Gondola – Loon Mountain, NH

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Towers 1-2 and the bottom terminal building.
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A cabin departs the top terminal.
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Departure side of the top return terminal.
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Unloading area and turnaround.
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View down the line.
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Tower 17 near the summit.
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Doppelmayr tube tower with a re-used Hall tripod tower right next to it.
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Bottom terminal with bullwheel and chain-driven rails.
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View into the valley station.
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3 thoughts on “Gondola – Loon Mountain, NH

  1. Collin June 26, 2018 / 7:40 pm

    http://www.newenglandskiindustry.com/viewstory.php?storyid=699

    They’re going to replace the cabins this fall. My take is that this is a crazy bad investment. The one big problem in Loon’s lift system is that the gondola has horrible capacity and the cabins are too light so it shuts down for wind often. A new gondola with 8 passenger cabins and a higher capacity would eliminate the need to upgrade any of their other lifts and since their clientele prefers to ride the gondola over the chairs, it would be the best investment from a customer experience standpoint.

    Keep in mind this is all happening while Big Sky is getting one of the most expensive lifts North America has ever seen, and they’re hinting at getting even more D-Line lifts in future years. Meanwhile, Loon gets to keep their 30 year old main lift with less capacity than a double chair, but with slightly more comfortable cabins which means it won’t be replaced for a long long time. It made sense to replace cabins at Stratton and Killington since both are 8 passenger gondolas and have sufficient capacity, but Loon needs to fully replace the lift and at least double the capacity. I guess Boyne only cares about making these big PR splashes at Big Sky while they run their other resorts into the ground and fail to complete much needed upgrades. Look I’m all for more D-Line lifts being installed in North America, but not at the expense of the other resorts being low-balled or neglected. Since they’re ignoring this critical need for Loon, one can only infer that they will ignore other lift needs like Barker and Sunday River and either a new gondola or additional detachables at Sugarloaf.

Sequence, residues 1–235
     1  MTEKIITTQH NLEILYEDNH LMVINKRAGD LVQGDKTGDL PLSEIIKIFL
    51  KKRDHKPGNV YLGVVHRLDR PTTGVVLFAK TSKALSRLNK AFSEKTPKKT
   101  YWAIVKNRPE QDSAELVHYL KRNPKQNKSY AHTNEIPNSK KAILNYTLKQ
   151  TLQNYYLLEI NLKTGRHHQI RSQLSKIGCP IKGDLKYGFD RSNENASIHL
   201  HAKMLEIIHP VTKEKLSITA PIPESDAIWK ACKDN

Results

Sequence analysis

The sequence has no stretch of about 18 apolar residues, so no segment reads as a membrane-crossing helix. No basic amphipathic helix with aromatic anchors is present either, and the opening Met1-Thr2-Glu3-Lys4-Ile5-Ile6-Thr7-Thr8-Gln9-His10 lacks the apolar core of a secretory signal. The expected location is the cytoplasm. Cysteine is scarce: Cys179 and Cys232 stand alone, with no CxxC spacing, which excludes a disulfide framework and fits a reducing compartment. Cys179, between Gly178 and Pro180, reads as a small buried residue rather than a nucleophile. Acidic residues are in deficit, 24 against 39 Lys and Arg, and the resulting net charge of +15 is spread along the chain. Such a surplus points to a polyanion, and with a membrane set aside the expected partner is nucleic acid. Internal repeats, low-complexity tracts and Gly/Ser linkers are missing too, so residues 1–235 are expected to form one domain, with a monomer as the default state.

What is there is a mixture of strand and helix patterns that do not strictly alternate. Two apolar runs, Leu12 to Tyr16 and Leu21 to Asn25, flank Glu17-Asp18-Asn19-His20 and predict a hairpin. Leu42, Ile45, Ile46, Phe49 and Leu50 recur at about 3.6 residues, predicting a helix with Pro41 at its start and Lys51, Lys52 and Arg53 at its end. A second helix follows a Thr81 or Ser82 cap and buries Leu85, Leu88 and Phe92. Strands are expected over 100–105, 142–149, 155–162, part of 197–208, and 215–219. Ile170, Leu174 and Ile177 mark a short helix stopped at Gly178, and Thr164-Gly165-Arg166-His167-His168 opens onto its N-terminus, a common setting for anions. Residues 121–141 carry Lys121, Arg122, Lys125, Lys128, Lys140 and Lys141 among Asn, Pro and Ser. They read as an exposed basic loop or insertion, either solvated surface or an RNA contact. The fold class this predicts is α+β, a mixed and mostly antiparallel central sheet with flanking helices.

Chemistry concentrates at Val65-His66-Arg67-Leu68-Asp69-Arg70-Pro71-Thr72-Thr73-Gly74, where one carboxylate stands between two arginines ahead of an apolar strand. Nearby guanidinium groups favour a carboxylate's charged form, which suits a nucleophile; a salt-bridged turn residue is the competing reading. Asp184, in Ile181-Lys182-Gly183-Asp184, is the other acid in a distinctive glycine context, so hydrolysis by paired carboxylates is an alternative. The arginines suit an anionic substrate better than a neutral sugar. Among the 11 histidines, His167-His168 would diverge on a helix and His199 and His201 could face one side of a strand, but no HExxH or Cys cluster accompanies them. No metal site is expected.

Boyne has no clue what they are doing.

    Sorry for the rant, but it’s gotta be said. Anyone else think this is a bad investment?

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    • Carleton June 28, 2018 / 10:32 am

      My first reaction is to agree with you. I don’t ski Loon very often and usually it’s on less crowded days – but the gondola always has a line. However, as someone else explained to me, on more crowded days, there isn’t enough room at the top (i.e trail options) for a higher capacity lift option. I agree with you that the fact that they are putting new cabins on, means the lift probably won’t be replaced in the next 10 years. Maybe they could space them a bit closer and fit a few more on…

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  2. xlr8r June 29, 2018 / 1:09 pm

    The trails off the top of the gondola cannot handle anymore traffic, and there is no way to widen the trails or cut more trails from there. Once you get down to where the Tote Road quad begins/ends, the trails can handle more traffic. I think Loon actually would have good traffic flow if there was no gondola, as long as 7 brothers was a detach quad. But that’s never going to happen because of all the summer business the gondola brings.

    The gondola is always going to feel cramped, new cabins or old being 4 passenger. The more important needs investment wise are upgrading the terminals to get rid of the chain contour and upgrade to tires. Also those towers have to be getting towards the end of their life as they are from the original gondola built over 50 years ago now. I think this is just Boyne trying to get some marketing, cheaper than actually making a meaningful lift investment like upgrading 7 Brothers to a detach. Besides being forced to replace Borvig lifts post accidents in Maine, Boyne has not made a lift investment in New England in the last 10 years.

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